Week 14 (Dec. 10-14)
Prime-time games: Vikings at Cardinals (Thursday), Seahawks at Ravens (Sunday), Giants at Dolphins (Monday)
Best of the rest: Steelers at Bengals, Patriots at Texans, Cowboys at Packers
A bit of a sleeper selection, as it banks on Minnesota, Arizona, Miami and possibly the Giants still hanging around in the playoff picture. Teddy Bridgewater and Adrian Peterson against the Arizona defense is legit as far as the usual Thursday night fare goes, but the Week 14 headliner is the Seattle-Baltimore clash on Sunday night.
Week 4 (Oct. 1-5)
Prime-time games: Ravens at Steelers (Thursday), Cowboys at Saints (Sunday), Lions at Seahawks (Monday)
Best of the rest: Jets vs. Dolphins (London), Chiefs at Bengals, Vikings at Broncos
You're not sick of the Baltimore-Pittsburgh rivalry, right? The networks love to gobble those games up (see: Week 16), which might be a bad thing if they were not so heated and often closely contested. We've got another early-morning affair overseas this week, too—Miami's second of a key back-to-back against Buffalo and New York.
A couple more to track: Philadelphia at Washington and Green Bay at San Francisco. If either of those home teams exceed expectations, Week 4 would get a bump.
Week 12 (Nov. 26-30)
Prime-time games: Bears at Packers (Thanksgiving), Patriots at Broncos (Sunday), Ravens at Browns (Monday)
Best of the rest: Eagles at Lions (Thanksgiving), Panthers at Cowboys (Thanksgiving), Saints at Texans
Turkey Day always scores some bonus points. This year's menu serves up an intriguing trifecta of games, especially in the afternoon with Philadelphia-Detroit and Carolina-Dallas. And the NFL could have done worse than a Lambeau Field nightcap, even if the Bears are below .500 at this point. Could we request a little snow?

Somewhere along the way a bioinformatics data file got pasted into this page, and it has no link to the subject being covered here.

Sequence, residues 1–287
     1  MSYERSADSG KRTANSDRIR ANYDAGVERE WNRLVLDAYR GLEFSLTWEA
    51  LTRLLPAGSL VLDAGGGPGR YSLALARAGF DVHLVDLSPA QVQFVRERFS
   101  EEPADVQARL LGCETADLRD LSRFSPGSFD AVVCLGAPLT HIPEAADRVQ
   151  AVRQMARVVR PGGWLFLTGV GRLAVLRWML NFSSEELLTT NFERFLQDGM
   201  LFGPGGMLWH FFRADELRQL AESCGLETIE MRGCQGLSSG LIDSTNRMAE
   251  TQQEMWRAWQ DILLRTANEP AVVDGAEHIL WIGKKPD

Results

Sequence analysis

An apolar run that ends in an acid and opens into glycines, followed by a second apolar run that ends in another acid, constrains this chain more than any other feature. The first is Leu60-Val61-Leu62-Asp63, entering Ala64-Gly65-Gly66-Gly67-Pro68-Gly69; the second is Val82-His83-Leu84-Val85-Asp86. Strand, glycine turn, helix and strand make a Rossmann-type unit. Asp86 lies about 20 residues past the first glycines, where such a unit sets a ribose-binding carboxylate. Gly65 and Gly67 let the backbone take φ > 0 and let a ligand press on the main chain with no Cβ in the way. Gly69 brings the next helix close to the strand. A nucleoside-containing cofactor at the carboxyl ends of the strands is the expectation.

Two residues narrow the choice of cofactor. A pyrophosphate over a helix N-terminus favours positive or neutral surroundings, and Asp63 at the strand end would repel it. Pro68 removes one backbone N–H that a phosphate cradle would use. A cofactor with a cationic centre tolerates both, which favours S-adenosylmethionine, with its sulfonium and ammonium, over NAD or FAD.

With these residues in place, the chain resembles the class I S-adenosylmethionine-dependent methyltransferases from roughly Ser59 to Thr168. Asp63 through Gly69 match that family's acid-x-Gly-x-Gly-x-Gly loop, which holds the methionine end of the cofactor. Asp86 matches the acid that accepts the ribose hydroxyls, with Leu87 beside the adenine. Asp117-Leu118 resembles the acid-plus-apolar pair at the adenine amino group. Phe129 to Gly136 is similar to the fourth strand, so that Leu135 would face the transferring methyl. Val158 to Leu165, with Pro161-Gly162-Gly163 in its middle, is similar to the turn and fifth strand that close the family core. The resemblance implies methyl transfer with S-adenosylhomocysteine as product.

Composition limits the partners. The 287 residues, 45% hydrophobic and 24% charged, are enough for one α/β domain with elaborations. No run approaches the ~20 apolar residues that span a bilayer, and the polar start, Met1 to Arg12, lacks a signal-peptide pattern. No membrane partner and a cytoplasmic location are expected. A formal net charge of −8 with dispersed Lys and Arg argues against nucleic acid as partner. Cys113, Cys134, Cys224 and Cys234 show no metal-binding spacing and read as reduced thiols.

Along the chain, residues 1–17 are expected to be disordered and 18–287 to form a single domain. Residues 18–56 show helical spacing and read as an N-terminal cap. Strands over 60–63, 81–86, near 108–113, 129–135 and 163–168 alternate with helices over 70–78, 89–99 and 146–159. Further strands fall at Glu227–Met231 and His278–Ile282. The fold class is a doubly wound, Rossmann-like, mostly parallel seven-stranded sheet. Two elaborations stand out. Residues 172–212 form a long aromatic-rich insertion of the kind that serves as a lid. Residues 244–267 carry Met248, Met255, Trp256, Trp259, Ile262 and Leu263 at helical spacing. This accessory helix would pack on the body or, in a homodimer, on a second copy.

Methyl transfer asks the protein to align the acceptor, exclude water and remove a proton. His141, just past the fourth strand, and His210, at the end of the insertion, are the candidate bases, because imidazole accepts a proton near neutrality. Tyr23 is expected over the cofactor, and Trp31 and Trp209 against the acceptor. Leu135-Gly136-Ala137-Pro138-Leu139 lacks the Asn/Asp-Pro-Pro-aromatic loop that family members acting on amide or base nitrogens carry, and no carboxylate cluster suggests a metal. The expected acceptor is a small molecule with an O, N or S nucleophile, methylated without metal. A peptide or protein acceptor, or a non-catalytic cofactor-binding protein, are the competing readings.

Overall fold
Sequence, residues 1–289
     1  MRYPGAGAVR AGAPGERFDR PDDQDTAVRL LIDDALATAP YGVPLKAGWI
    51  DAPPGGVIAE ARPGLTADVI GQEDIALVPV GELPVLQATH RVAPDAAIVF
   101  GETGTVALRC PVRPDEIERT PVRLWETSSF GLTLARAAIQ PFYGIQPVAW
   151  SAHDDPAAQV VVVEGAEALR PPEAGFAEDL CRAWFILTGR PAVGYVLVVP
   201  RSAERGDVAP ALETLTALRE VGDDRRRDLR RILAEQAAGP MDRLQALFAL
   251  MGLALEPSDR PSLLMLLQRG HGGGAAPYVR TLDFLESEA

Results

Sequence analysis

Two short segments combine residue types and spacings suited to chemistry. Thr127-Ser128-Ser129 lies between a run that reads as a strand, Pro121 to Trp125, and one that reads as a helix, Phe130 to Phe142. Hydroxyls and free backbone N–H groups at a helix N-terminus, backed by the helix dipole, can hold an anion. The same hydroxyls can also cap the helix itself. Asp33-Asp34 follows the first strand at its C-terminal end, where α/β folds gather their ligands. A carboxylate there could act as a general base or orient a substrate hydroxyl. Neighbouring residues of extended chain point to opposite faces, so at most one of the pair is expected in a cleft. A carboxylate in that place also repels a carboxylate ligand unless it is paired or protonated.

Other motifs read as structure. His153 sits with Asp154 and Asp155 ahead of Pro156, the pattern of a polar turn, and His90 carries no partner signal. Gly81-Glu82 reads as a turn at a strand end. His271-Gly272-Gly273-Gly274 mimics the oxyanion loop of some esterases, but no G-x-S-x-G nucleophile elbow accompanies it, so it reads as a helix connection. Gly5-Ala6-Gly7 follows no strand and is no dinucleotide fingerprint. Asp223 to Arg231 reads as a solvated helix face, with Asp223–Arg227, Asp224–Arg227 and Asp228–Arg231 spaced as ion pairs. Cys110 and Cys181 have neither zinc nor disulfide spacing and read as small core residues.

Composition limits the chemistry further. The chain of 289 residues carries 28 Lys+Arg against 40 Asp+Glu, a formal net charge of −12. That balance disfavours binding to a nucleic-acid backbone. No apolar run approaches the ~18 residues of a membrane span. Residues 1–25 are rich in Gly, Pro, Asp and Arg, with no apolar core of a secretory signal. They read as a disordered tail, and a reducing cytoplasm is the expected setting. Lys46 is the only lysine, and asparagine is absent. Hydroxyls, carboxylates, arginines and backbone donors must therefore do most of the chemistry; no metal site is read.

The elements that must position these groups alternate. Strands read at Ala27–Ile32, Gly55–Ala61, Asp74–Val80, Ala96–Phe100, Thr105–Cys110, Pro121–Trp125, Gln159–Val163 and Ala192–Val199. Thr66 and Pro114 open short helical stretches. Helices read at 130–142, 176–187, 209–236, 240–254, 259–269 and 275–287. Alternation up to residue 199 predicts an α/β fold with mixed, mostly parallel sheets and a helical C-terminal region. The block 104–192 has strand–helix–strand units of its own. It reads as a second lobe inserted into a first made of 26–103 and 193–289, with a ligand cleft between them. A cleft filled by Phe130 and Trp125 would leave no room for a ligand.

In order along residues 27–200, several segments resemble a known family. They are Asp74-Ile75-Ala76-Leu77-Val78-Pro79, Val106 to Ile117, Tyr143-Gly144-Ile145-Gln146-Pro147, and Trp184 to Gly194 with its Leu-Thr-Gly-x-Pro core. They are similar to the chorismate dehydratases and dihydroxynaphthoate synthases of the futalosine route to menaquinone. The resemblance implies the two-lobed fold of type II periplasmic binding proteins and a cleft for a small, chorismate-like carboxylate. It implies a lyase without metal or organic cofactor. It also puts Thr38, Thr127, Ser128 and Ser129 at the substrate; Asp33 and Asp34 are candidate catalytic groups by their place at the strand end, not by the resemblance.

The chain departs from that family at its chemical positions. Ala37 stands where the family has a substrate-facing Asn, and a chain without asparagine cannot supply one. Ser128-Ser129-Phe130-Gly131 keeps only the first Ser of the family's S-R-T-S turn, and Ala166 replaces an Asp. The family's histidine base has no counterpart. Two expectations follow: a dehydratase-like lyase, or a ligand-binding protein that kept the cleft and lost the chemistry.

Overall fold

The variable holding Week 12 back is that, aside from the night games and Saints-Texans, the slate projects to be a little lacking. Of the 11 Sunday games preceding New England-Denver, just one (Pittsburgh at Seattle) pits two 2014 playoff teams against each other.
Week 2 (Sept. 17-21)
Prime-time games: Broncos at Chiefs (Thursday), Seahawks at Packers (Sunday), Jets at Colts (Monday)
Best of the rest: Patriots at Bills, Cowboys at Eagles, Lions at Vikings
Seattle-Green Bay is one of those games NFL fans everywhere circled on the calendar as soon as the schedule emerged. Don't sleep on the importance of Denver-Kansas City, either, in case the Chiefs make a mid-September statement.
Both the AFC East and NFC East races will start to take shape based on what happens Sunday, while the Detroit-Minnesota outcome should matter within the NFC North and the wild-card battle.
Week 9 (Nov. 5-9)
Prime-time games: Browns at Bengals (Thursday), Eagles at Cowboys (Sunday), Bears at Chargers (Monday)
Best of the rest: Packers at Panthers, Dolphins at Bills, Broncos at Colts